“You’re Fine” by Silvertung

Of the metal meccas found stateside, few are as storied as Baltimore. The city has been a junction for northern and southern bands meeting and making incredible history together for decades, and in 2021, it finds fine representation in Silvertung’s latest single, the brutish but melodic “You’re Fine.” As anthemic as a Dio-era Sabbath track yet devoid of the camp that much of the progressively-stylized hard rock to emerge in recent years has been steeped in, “You’re Fine” is a smothering tribute to the heavy music of yore that plants its feet in the future of the genre wholeheartedly. 

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You can’t beat the intensity of riffage like this, and I like that the guitar parts in this single sound powerful and overwhelming no matter where the volume knob sits. There’s something really profound and demonstrative of this band’s depth in the sheer physicality of the strings as they rocket through the center of the mix fearlessly, and if any of Silvertung’s future work rocks as hard as this song does, I don’t know that they’ll have to worry about keeping their bills paid thanks to the boisterous material they’re stamping their name on.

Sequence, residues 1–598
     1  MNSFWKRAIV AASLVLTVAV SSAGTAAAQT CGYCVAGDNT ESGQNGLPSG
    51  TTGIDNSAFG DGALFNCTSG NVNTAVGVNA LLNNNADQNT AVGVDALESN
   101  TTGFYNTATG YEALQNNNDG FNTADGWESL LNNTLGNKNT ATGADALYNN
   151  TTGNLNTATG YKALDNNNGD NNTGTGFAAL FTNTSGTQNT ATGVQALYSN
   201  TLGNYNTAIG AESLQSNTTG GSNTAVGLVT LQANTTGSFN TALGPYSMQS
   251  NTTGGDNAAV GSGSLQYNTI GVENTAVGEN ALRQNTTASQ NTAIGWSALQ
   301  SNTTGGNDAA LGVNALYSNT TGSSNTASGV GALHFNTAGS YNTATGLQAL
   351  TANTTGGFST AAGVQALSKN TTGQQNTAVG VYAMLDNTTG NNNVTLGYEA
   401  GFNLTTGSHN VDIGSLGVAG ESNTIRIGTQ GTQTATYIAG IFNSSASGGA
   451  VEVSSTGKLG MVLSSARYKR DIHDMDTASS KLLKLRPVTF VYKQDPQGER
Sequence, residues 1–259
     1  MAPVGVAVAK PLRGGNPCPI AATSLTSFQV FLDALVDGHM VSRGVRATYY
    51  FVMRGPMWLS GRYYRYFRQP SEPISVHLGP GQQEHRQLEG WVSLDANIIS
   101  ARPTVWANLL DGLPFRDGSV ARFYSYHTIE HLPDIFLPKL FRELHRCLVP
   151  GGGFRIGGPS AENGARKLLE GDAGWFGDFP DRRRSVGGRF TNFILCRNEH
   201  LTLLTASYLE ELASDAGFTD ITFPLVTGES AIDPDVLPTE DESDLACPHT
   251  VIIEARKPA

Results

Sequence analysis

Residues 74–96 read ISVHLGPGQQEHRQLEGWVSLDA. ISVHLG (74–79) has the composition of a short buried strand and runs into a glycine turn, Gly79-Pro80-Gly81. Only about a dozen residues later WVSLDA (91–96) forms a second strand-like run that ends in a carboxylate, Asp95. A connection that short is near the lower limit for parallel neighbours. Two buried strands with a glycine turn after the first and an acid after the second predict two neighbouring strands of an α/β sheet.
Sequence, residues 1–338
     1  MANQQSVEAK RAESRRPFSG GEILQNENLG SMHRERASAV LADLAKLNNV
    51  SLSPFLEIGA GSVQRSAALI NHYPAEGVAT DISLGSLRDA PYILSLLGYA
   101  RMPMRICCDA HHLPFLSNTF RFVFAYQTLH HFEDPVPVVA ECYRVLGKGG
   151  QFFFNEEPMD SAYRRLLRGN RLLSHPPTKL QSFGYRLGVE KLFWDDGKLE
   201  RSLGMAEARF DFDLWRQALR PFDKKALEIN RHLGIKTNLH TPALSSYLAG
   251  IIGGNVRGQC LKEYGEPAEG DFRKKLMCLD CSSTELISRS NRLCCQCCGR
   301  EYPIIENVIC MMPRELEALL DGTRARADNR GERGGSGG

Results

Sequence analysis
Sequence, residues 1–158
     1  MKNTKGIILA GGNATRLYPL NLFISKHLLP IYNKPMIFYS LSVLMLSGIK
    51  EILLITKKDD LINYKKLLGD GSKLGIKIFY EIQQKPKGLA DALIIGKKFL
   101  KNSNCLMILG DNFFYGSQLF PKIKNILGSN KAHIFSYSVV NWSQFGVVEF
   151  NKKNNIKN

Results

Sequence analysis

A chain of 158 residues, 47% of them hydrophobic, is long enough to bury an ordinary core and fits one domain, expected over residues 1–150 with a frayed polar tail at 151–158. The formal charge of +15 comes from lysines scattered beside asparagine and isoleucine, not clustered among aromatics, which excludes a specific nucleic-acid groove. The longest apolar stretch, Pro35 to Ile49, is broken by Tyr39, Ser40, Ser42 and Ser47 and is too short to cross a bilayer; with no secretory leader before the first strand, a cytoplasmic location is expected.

The music video and the single both share some incredible production quality elements that do a lot to emphasize the intricacies in the content, but it’s important to note that the sparkle factor isn’t where any of the legit catharsis in “You’re Fine” is sourced. That comes purely from the music itself, and more specifically the emotion with which the band plays it. If substance over flash is you’re thing as a metalhead, you’re not likely to find another band as dedicated to keeping the genre clean of the nonsensical dribble so many commercial acts have incorporated into their own work as Silvertung is. 

Silvertung are rising through the ranks rapidly this year, and their connection with both each other and the craft is the reason why. “You’re Fine,” more than anything else, is a vehicle for providing insight into their chemistry and what they intend to do with it in the years that follow. They’re barely scratching the surface as far as their potential is concerned, and if they’re able to expand on the themes laid out in this most recent effort, they’re going to see themselves making the proper transition from underground sensations to mainstream pioneers before they know it. These riffs don’t lie, and once you’ve heard “You’re Fine,” you’re going to see exactly what I mean. 

Zachary Rush